It was pretty common for Mr. Olson to tell us old stories as he sipped on what he said was a soda, but, even at 14, I suspected was a booze drink. I slept over at their house all the time, and even when Sarah rolled her eyes and asked him to leave us alone, I nodded attentively, eager to hear him tell stories about his childhood in a way I had always wished my dad would.
“I was exactly your age,” he said through the heavy sighs of his daughter, “12.”
“Dad! I’m 14!”
“Oh right,” he said, “that’s right. I was 14.”
Mr. Olson told us a story that began with basketball. He said that he and his best friend, Skinny Mitch, were shooting hoops outside the community center with a kid called Joey Arnold. Mr. Olson said the boy’s called him Timmy back then, sometimes Tiny Tim. Mr. Olson told us how Joey Arnold wouldn’t stop bragging about how he was going to see The Faceless Man, the newest horror flick to reach their local cinema, that Saturday night. The little Mr. Olson, Timmy, and Skinny Mitch knew that Joey couldn’t get into a horror movie, and they called his bluff.
“Yeah, right, big man,” Mitch taunted, “you don’t look 12, let alone 17!”
Joey paused mid-three pointer, arms posed in the air dramatically to make his point.
“Oh yeah, losers, my brother Scott works the ticket booth. All I have to do is buy a ticket to Fantastical Mr. Turtle, and my brother will let me sneak into The Faceless Man. Take that!” On the exclamation, Joey went for the shot – forcing all his coolness into the hope for a swish. He hit it. Mitch and Timmy were beyond impressed.
“No shit, Joey! Are you for real?! That’s awesome. Come Monday, you’ll be the only kid in the whole 9th grade who’s seen it. Man, that’s SO awesome.” Mr. Olson touched the palm of his hand to the Nike Swish on his t-shirt. He said he could feel the jealousy swell up in his chest as he passed the ball to Mitch, but he had an idea.
"You don’t think Scott would sneak us in to the movie, too, do you?"
The deal involved Mitch and Timmy doing Joey’s math homework for a week. But it was a deal.
Back at Timmy’s house later that afternoon, he knew he had some work to do. His parents had plans to go out that Saturday night, so that was a plus. Since they were close friends of the Stewarts, Mitch’s parents, he planted some seeds to get them to go on a double date.
The double date plan went better than expected. A new restaurant had opened in town that only served family style meals – servings of 4, 6 or 8 – and Timmy’s parents really wanted to go. On that Saturday afternoon, he sat down at the kitchen table where his dad was prepping the dinner their son would eat after they left for the evening. Timmy brought got his plan in motion.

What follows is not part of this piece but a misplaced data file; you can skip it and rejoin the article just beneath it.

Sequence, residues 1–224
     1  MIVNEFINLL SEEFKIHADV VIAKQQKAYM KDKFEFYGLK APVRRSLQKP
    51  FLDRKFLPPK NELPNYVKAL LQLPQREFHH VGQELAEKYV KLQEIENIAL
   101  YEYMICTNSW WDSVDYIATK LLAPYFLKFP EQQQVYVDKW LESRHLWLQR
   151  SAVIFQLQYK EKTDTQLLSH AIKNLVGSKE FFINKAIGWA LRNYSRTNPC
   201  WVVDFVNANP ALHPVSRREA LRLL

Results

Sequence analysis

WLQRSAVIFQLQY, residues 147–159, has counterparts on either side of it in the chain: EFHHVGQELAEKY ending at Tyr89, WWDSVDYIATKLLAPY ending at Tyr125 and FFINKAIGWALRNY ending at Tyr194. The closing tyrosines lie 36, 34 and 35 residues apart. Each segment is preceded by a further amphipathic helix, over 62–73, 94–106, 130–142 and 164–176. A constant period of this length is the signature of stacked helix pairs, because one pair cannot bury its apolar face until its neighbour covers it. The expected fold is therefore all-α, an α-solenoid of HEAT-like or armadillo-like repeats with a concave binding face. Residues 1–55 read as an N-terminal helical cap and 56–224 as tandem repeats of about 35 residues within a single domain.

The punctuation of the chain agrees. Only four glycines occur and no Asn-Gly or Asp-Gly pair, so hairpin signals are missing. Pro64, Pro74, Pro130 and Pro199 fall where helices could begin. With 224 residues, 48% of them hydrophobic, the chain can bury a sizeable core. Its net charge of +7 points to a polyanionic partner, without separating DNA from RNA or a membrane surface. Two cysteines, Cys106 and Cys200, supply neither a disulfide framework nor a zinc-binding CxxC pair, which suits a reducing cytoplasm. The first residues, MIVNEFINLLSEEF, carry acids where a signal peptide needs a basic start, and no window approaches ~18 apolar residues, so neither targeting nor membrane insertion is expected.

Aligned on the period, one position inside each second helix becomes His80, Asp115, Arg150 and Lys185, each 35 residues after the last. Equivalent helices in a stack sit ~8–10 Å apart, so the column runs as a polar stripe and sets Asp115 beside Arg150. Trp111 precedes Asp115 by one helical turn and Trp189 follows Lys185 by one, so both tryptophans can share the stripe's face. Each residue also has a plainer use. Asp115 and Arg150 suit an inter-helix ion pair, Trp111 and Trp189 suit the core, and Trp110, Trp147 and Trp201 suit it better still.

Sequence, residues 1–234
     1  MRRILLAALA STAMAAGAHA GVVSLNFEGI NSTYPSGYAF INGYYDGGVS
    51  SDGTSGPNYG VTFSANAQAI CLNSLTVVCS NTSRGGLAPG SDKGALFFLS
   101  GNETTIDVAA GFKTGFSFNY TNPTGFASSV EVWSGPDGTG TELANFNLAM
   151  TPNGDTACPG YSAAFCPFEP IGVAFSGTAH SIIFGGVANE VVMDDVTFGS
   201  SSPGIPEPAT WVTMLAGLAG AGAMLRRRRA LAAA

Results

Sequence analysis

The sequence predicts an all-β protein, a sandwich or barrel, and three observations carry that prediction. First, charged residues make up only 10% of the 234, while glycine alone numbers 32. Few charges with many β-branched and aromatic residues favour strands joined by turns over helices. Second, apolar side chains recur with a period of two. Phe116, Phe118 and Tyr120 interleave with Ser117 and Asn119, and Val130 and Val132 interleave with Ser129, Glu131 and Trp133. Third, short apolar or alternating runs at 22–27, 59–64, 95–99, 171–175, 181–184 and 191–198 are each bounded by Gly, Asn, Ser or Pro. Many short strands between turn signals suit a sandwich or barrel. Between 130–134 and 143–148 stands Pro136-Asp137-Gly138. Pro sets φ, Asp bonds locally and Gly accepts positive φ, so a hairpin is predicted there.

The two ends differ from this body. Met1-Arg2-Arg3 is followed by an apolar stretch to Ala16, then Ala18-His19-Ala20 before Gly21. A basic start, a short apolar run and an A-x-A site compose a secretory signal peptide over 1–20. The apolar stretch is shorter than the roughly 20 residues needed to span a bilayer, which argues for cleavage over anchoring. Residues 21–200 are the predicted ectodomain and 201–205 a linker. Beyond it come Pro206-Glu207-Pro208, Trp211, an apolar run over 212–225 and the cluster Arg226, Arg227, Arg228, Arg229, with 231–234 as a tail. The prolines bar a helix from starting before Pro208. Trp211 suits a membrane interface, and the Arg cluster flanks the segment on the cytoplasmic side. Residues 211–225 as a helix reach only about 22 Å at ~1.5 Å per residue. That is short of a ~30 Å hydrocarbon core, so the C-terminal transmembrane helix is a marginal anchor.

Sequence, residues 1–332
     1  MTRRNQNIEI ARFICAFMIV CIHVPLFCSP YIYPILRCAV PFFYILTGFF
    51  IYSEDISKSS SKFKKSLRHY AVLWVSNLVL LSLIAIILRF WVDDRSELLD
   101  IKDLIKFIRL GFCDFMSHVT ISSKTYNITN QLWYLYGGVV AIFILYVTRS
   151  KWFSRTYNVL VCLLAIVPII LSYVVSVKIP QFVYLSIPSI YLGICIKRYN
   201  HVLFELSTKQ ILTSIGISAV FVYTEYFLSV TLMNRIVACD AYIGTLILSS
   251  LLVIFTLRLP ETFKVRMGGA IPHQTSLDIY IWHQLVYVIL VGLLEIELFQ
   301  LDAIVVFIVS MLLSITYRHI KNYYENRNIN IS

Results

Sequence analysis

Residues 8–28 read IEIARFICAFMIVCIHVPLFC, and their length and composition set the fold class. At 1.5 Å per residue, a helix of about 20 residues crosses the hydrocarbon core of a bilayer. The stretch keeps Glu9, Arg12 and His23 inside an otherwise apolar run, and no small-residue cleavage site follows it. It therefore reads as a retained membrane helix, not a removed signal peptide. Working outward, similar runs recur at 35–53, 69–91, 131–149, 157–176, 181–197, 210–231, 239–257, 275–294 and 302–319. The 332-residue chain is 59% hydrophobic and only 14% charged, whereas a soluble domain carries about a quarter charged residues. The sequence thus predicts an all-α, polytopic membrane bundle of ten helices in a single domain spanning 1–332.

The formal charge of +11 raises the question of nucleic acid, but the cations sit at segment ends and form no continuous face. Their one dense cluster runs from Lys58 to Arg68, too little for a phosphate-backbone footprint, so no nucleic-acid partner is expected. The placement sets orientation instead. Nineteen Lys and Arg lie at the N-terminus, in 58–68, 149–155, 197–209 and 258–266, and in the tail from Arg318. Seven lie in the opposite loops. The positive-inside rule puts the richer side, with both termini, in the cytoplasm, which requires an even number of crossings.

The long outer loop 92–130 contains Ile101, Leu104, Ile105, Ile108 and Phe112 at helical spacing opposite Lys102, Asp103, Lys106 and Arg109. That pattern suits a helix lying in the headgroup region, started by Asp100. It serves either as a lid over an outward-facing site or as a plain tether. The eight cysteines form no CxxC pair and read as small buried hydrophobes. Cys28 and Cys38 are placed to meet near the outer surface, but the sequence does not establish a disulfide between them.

"You guys should totally go to that new place, Mario’s, or Luigi’s, or whatever."
"Gregorino’s Trattoria.” His dad corrected. “And it’s only for groups, unfortunately. Your mom and I have been interested in going there for weeks.”
He knew he had his in.
"Oh really? Just yesterday I heard Mr. Stewart saying how much him and Mrs. Stewart wanted to go there, too. You guys should ask ‘em.”
The older Mr. Olson hesitated in peeling his carrot for a minute, and pushed his eyeglasses up his nose with his finger. He called out to the Timmy’s mom.
“Sandy…Have you talked to Tom or Marcia today?”
Were they busy tonight?
His Dad suggested that he give their friends a call and invite them for a nice evening out at the Trattoria. His Mom thought this idea was lovely and thanked him for being so thoughtful. Mr. Olson laughed when he told us that his Dad peered over his mom’s shoulder and winked at him.
“Later,” he said “my dad told me that the trick to keeping your wife happy was the element of surprise.” Before they left that night, Mr. Olson said, his dad slipped him a five for a pizza in case he wasn’t interested in the casserole they had left for him.
“Wait a minute,” Sarah stopped her dad. She was incredulous. “5 Dollars? For a whole, pizza? See, Jamie, I told you he was lying.”
“Lying? No way,” Mr. O. quickly rebutted, “you have to remember this was 1972. Thing were a little different back then. You know I had a job stocking shelves at the market when I was 11…”
“I know, I know,” my best friend laughed, “up hill both ways, right?”
“Oh, have I told you that story before?” Mr. Olson winked at Sarah, I guessed just like his dad winked at him that Saturday night in 1972.
--To Be Continued--
Prompt: Begin a story with the following sentence: “I could have avoided all that trouble if I had only remembered..."
Questions: I'm having trouble keeping the frame in tact. I like the story as "Mr. Olson telling a story to Sarah and Jamie" but I think its really awkward to keep referring back or calling the narrator Mr. Olson. Any advice for how to rearrange so I can keep the frame without all the awkward? Check back for more of the story...